We also have a knowledge role which is an area that we try to have with coordination within the member states, but also with the private sector, facilitating basically meeting of the minds and facilitating workshops, seminars, issuing reports, so on and so forth.

One thing that I guess it's quite important to mention, specially when we consider how the Commission and RIPE can learn to better cooperate together is of course the responsibilities of the Commission pertain to the union. So to the 27 member states which make up the European union, I don't need to list them, you know them, my understanding is the so?called RIPE and therefore the policy region is quite larger than that, and this is something that I guess it's good to keep in mind when we discuss anything, any matter of common interest, that my view is always going to be a little bit due to the geographical differences, it doesn't mean we shouldn't cooperate, but something to keep in the back of our mind.

Now, I had a brief discussion with the coordinators of this Working Group and my original plan was to give a presentation on a number of initiatives that we have ?? we are running right now which might be of interest to RIPE, but then we decided this might turn into a boring list and given that I can't choose on what you're doing, I don't know whether you're following me or checking your e?mails so we decided to reserve the more detailed discussion on the initiatives perhaps at a later stage and to focus this session on the way in which we as a Commission can understand what are your needs as part of the RIPE community and conversely, how the members of the RIPE community can understand the needs and perspectives and priorities, et cetera. This working group is an excellent way to do it, but it cannot be the only way. Of course, we should strive to have a more coordinated structure and continuous interaction, which to be absolutely clear I feel that even though it might be be operating some information sharing is already there, just to make an example. I as well as colleague, we scribe to most of the RIPE working group's mailing list, we do monitor what's being discussed. Quite frankly, some discussions are of particular interest to us and I will mention one, discussion on the resource public infrastructure, quite important from the policy point of view, discussions on... there are some other discussions which not necessarily very technical but simply because we do not feel that we have any need to intervene in what is a very successful approach from the RIPE community. So if I may summarize this point it's to say that even though we do not intervene in the RIPE mailing list, or the discussion, doesn't mean that we're not following what is happening.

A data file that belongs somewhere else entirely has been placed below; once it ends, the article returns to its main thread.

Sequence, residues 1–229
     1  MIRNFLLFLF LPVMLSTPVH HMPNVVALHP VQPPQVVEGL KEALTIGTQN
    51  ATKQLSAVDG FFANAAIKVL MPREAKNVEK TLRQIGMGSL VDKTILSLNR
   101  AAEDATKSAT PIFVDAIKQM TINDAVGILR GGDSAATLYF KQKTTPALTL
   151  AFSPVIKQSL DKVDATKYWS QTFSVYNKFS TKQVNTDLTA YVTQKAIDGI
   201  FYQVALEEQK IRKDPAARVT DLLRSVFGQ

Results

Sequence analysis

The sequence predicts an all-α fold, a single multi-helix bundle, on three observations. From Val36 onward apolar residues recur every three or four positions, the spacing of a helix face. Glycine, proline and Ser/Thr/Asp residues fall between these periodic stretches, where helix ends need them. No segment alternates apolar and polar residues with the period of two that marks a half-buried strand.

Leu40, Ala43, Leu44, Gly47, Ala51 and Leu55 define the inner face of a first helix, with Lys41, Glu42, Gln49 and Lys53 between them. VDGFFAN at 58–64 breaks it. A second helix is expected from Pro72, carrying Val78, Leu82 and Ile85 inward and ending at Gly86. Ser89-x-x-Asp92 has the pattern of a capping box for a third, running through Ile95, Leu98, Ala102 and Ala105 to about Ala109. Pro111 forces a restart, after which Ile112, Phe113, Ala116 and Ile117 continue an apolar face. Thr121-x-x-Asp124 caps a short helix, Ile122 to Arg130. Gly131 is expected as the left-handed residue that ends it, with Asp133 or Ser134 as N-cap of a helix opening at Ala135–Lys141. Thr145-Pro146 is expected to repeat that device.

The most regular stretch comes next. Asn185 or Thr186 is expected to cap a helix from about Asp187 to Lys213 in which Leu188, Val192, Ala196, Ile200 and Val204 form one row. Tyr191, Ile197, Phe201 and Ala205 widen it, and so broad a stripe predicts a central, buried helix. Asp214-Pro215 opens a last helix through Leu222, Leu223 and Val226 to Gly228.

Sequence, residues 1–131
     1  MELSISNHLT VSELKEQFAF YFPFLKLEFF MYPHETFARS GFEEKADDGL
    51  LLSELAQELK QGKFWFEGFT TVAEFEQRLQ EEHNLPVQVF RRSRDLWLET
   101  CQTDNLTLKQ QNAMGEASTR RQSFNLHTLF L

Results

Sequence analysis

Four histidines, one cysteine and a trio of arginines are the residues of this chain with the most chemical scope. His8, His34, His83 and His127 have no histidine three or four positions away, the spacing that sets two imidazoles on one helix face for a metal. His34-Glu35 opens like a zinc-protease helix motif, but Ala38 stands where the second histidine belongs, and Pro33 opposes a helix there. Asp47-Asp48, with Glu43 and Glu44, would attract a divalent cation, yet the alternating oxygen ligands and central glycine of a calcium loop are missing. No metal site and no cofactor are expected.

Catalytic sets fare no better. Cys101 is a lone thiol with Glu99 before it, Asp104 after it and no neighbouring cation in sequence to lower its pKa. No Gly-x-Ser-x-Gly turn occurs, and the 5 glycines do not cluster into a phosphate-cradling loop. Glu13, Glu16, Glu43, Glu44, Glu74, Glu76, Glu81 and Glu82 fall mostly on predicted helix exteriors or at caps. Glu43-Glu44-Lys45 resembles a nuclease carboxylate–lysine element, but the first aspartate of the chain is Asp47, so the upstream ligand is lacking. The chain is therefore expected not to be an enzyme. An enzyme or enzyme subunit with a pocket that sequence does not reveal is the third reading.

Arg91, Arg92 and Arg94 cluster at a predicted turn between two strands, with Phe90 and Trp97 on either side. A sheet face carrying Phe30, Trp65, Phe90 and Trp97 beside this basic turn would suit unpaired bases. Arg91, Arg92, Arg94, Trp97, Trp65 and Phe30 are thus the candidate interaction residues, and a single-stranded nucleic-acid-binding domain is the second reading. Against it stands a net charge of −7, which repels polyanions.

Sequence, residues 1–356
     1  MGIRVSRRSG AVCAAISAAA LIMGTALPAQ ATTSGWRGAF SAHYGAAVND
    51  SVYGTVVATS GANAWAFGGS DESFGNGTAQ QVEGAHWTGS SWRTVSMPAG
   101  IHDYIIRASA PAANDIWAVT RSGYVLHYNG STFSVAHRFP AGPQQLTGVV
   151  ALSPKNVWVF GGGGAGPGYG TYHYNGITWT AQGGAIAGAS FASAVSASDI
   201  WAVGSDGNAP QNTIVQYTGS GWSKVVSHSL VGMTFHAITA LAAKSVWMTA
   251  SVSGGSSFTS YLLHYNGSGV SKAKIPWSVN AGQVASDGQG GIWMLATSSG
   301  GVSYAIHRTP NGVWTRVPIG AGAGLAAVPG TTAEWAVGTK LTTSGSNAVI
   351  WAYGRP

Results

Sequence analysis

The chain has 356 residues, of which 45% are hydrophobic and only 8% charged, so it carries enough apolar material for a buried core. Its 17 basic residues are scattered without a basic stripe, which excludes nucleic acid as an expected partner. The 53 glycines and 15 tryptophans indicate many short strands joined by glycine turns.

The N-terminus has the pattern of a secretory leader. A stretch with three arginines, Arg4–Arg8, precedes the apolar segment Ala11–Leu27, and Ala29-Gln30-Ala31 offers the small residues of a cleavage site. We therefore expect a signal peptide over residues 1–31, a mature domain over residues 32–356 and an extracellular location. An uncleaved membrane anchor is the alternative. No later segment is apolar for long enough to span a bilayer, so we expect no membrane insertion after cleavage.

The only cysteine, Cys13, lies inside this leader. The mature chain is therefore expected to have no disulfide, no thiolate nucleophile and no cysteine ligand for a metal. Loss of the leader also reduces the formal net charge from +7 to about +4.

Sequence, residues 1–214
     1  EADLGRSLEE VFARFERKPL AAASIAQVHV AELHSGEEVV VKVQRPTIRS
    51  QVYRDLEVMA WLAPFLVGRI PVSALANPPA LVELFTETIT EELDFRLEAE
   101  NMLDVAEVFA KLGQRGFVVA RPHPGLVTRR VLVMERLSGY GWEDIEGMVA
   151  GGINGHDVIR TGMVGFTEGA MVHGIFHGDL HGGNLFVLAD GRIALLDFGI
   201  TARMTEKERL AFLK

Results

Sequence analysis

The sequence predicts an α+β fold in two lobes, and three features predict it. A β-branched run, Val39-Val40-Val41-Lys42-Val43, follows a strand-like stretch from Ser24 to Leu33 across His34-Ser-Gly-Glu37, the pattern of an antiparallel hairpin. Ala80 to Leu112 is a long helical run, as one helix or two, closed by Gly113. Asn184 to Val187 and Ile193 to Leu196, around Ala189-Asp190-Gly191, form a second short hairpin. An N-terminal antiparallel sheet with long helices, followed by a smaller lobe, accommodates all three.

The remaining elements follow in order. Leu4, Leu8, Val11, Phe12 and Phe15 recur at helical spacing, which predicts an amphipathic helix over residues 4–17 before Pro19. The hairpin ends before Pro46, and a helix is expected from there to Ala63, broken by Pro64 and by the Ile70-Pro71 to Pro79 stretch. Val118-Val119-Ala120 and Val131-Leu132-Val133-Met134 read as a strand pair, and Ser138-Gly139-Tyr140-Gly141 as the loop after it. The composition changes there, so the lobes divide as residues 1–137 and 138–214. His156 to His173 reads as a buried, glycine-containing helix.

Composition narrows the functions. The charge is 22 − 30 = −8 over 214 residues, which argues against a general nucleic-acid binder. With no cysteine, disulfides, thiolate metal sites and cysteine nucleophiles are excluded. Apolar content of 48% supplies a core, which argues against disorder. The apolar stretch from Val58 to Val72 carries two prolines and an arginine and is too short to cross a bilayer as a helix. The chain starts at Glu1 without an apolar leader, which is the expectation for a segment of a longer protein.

Now, I have been told through various discussions it's been suggested, in fact, that it might be a good idea for the Commission to participate more directly into the policy development processes, into the PDPs of RIPE. This is not a new suggestion. In fact, we as members of the parliamentary advisory committee, we see the same suggestion from the ICANN community, that that we should participate more actively. Now, I don't want to take a final position on this. This is something we should continue to discuss and it would be very much open and very much be looking forward to your ideas. But I have to say from the start that it is quite tricky for a Commission officer ?? well, first of all, you can not expect, quite frankly and bluntly, you can not expect a commissioner to follow the policy government policies of every organization. This is a task that will fall on the shoulders of officers like me. It is sometimes quite difficult for an officer of the Commission to take any kind of position into a mailing list or any other public forum, without risking to create the confusion that that position is the position of the Commission. Because when we speak in this kind of ?? every time I say something, I write or I say well this is not the position of the Commission, this is my personal view, which tends to become cumbersome, my perception or experience is, anyway, even when we do that, there is a kind of expectation from the counterparts, from other participants in the discussion, that when I express an idea into a mailing list or in any other way which a PDP can be developed, when I express an idea, that is an idea of the Commission and then the Commission will not change its mine as time goes on. The Commission does not really work like that. We have very vibrant, I have to say, discussions but at the end of the day the discussions are taking by the 27 Commissioners and they're taken collectively and that is the position of the Commission. So the question I guess this is even more than a statement, it's a question that I put on the floor, on the participants, how can we ensure that there is a synchronicity, that we're synchronized as much as possible, because there will be times that the Commission agrees with the RIPE community and vice versa and we should be ready to accept that. How can we ensure that we are taken into account what I just said, which is that it's a very tricky for us officers of the Commission to take early positions on certain topics without having a full consultation that usually take quite a bit of time, so there's also this disconnection between your normal timing of discussions on the RIPE mailing list, to continue with the example, and the timing of internal debate in the Commission which are quite structured and this is on purpose to allow everybody to have a voice and internal discussions of the Commission, but this means that such discussions take quite sometime. So that is more or less the question that I have for you. And I would very much like to hear from the audience their ideas on what the Commission could or should do better, whether you have any ideas on how to create a more structured and effective relationship between the RIPE community and the Commission.